I have not got a chance so far to see her immensely popular stage shows, though we saw tapes & bits here & there. One of these days, she will come to town and we will be there, to cheer, clap, smile, laugh and enjoy.

Less talked about singers - Part 1

Manhar Udhas

The first time I heard
Manhar was way back in College. Somebody had a record Mukesh ki Yadein and I saw that the collection in that record was superb. It had all the popular hits. After a few spins, I could make out that it was not Mukesh. Checked the cover carefully, somewhere in the corner of the LP was the statement – Sung by Manhar …That was the first time I heard one of these re-sung records…

The next I heard of Manhar was when the Abhiman EP came out – Loote Koi man ke nazar banke mera saathi – what a great song…He followed on in Qurbani with ‘Hum tumhen chaahate he’….Some more good hits followed, one I recall was the Hero song Tu meri janoo hai. I hear he is active and does Gujarati Ghazals etc these days…

Shailendra Singh

This chap just burst into the music scene with his ‘Bobby’ songs; even today ‘Mein shayar to nahin’ is a song that still enthrals the listener. But it was not to be; after a few Rishi kapoor movies and some years of struggling (and an aborted attempt at acting) in the Bollywood rat race, he quietly faded away.

A personal favourite after Mein Shayer is a Shailendra Lata duet – Dariya cha raja from Do Jasoos.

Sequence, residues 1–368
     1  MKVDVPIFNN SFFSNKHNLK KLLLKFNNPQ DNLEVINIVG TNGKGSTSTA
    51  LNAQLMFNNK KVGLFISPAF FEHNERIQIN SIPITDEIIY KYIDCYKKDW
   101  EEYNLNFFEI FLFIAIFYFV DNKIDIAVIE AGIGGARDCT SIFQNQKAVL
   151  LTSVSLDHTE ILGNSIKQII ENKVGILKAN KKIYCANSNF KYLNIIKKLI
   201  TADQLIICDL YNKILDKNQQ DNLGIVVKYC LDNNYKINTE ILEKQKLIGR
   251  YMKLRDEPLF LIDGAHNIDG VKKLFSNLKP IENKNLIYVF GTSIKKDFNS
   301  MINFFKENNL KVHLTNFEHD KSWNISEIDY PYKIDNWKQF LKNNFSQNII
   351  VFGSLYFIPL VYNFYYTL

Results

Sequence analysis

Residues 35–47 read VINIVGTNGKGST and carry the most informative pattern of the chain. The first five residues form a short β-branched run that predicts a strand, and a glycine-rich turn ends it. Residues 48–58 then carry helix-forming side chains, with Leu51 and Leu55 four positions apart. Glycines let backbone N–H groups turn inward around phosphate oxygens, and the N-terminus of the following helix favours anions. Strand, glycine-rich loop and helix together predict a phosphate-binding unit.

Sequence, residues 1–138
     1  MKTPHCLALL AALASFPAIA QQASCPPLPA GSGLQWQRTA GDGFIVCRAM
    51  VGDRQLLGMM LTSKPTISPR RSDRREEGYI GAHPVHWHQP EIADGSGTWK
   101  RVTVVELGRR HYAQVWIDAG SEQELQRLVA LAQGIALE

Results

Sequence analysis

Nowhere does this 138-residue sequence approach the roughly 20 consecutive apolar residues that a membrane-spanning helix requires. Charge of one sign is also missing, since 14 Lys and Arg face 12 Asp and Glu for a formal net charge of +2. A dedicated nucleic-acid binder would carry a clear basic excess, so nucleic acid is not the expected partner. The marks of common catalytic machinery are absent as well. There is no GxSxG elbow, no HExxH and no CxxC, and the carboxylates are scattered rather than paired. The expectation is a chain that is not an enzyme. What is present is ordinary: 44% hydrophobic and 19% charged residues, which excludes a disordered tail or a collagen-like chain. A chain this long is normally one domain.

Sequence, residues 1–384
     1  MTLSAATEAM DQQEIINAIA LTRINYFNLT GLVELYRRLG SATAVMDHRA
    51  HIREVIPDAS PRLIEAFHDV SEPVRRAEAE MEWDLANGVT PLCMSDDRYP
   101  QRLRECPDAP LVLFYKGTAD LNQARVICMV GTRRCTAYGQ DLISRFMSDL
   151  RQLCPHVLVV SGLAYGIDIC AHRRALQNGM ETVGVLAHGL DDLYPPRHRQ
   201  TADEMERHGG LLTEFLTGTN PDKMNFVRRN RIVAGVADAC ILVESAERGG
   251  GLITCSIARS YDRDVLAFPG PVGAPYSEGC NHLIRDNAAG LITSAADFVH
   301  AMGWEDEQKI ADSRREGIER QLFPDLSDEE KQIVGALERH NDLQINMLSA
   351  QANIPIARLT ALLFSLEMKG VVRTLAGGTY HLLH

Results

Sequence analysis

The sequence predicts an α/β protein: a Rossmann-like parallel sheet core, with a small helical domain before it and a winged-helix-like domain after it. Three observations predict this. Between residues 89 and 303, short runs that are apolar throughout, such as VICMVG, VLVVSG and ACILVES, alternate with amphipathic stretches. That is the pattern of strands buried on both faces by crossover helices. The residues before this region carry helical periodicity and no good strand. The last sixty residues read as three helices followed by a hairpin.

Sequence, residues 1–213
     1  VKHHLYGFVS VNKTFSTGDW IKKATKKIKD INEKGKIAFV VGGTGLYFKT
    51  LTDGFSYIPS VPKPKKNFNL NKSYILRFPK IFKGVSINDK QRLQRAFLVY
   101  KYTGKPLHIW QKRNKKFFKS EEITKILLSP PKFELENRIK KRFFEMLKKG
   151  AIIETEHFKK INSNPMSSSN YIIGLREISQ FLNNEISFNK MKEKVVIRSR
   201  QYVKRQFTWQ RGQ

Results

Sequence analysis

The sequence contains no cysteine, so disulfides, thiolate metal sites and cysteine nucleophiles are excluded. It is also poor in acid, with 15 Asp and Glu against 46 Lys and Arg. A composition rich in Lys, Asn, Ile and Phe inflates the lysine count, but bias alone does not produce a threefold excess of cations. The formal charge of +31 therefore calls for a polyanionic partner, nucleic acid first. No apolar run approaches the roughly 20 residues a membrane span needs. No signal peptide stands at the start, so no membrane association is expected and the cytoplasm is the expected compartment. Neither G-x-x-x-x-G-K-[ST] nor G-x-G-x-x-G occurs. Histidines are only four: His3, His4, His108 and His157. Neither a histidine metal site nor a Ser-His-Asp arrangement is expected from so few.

I tried to find out what happened to him post Bobby, Rafoo chakkar….but there are hardly anything written on this guy – I was and still am surprised!!
There are mentions that he came on a
Harmony TV program recently and goofed up the song completely…Ah well, must have been a bad day for him!!

‘Hum tum’ has Rishi kapoor humming the Bobby song; rumour mills state that Shailendra Singh probably re-sang the clip.

Runa Laila

Sultana Chowdhry aka Runa Laila sang probably a handful of Hindi songs, but apparently has over 5000 songs to her credit in 17 languages, did you know that? I used to think that she was born Bangla, but she is Karachi born and stepped into the limelight when her sister developed a sore throat prior to a stage show. Well she purportedly has a Guinness book record for the max songs recorded in a day – at Bombay!! And well, she even had
a successful stage show in Chennai!!!

I can still hum those famous Hindi songs of hers -

Do diwane shahar mein & Tumhe ho na ho mujhko to…from Gharaonda
Ek se badhkar ek zaman he donom anek….title song

Part 2 to cover Bhupinder Singh, Nazia Hassan & Hemlata